"We don´t want to live in beehives," replied the Yesha spokesman.

The Gush Katif settlers demanding Nitzanim don´t want to live in beehives, either – and they don´t want to live in half-empty kibbutzim, or aging moshavim, or villages that never grew, or any of the other nearby, available pieces of land that have already been cleared, where there is already infrastructure, where new homes could be built without gobbling up more nature.

No, they want one of Israel´s few undeveloped natural treasures. It´s the closest thing there is to the landscape of Gush Katif, it´s right up the coast, and the Gaza settlers would all be able to stay together. As for that other stuff, in the famous old words of some master Israeli builder, ecology, shmecology.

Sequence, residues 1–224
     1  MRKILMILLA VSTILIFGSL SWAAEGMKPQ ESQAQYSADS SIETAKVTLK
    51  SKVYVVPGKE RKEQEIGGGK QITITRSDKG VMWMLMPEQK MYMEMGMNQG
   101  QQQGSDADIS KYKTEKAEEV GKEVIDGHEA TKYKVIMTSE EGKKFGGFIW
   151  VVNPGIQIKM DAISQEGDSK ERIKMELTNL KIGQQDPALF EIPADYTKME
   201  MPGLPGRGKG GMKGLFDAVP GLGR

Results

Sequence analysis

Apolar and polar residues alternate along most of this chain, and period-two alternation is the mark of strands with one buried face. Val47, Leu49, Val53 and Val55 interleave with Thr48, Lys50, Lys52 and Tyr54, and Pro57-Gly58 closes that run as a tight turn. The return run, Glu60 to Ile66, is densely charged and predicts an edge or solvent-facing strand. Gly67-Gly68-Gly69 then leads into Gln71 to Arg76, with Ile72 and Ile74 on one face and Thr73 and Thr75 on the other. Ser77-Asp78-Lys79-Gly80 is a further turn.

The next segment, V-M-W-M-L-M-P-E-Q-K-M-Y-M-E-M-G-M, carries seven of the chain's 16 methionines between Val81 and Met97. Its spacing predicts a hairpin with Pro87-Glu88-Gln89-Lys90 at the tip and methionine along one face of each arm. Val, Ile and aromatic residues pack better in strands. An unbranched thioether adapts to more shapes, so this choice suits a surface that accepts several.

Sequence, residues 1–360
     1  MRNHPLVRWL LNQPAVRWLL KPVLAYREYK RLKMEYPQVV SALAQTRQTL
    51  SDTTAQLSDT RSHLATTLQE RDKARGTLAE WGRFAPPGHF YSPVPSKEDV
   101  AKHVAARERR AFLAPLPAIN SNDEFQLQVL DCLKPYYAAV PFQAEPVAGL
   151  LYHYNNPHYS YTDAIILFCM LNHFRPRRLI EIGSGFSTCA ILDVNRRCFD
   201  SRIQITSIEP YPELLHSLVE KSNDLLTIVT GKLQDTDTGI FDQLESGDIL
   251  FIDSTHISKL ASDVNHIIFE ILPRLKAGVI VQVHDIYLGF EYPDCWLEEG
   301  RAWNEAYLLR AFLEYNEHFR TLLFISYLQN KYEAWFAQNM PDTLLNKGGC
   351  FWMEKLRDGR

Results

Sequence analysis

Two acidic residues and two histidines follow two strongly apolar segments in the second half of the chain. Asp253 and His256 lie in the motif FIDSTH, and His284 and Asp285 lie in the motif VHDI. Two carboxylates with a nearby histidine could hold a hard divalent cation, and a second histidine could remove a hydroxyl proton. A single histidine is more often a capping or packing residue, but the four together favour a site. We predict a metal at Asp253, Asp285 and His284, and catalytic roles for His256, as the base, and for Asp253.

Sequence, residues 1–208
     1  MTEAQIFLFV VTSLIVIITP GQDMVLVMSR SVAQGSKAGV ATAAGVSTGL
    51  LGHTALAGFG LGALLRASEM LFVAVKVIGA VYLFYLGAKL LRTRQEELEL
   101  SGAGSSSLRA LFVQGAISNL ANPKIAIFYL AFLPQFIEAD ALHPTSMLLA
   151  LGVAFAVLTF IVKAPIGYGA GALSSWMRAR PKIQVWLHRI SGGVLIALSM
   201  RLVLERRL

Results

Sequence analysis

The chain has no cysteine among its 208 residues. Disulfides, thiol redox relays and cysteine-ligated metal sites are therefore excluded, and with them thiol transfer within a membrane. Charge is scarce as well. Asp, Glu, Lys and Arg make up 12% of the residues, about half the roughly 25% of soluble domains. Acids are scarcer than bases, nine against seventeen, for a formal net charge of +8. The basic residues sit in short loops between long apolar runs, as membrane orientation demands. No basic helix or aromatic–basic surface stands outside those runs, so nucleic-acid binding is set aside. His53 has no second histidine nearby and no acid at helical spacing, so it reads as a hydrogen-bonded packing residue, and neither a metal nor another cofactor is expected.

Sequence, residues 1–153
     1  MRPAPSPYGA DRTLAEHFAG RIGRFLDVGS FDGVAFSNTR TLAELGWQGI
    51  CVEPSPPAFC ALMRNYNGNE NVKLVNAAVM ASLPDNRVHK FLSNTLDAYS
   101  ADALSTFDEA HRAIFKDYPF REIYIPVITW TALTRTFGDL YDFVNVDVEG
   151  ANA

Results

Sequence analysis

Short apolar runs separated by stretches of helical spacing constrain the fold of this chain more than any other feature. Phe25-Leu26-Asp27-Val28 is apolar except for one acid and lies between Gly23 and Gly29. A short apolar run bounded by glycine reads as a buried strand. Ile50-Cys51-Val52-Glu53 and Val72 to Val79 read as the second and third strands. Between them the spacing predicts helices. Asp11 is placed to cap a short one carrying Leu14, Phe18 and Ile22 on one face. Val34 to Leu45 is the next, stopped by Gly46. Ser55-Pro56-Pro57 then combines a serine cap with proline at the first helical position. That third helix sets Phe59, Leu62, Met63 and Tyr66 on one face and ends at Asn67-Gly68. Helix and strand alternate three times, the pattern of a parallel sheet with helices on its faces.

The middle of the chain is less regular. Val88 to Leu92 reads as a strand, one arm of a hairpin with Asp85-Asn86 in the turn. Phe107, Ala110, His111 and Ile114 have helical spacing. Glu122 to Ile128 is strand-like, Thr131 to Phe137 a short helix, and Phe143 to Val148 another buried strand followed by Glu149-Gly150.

To be fair, though, the settlers of the West Bank and Gaza didn´t invent Zionism´s conquest-minded approach to the land. To this day, a true Israeli patriot is supposed to sigh when he sees the endless sands of the Negev and fields of the Galilee: Oh, why aren´t they filled with Jews?

This is the new, post-disengagement Zionist mission, this is what we need masses of Jews from the Diaspora to move to Israel for: To settle the Galilee and Negev.

Not to farm, not to make the desert bloom, just to outnumber the Arabs down south and up north. To ensure a Jewish majority not only nationally but regionally as well.

There are so many hills, valleys and craters just sitting there going to waste. They´re waiting to be redeemed. The time is now, before the Beduin take them. Only in Israel is there still, in the 21st century, a consensus that wilderness is something to be "tamed." When I was living in the US, I didn´t care about the environment, mainly because there was so much of it. If they ruined a lake, so what? There were 10,000 more of them in Minnesota alone. If they tore up a forest or a beachfront for some housing project, I really couldn´t get worked up about it. In America, the land went on forever.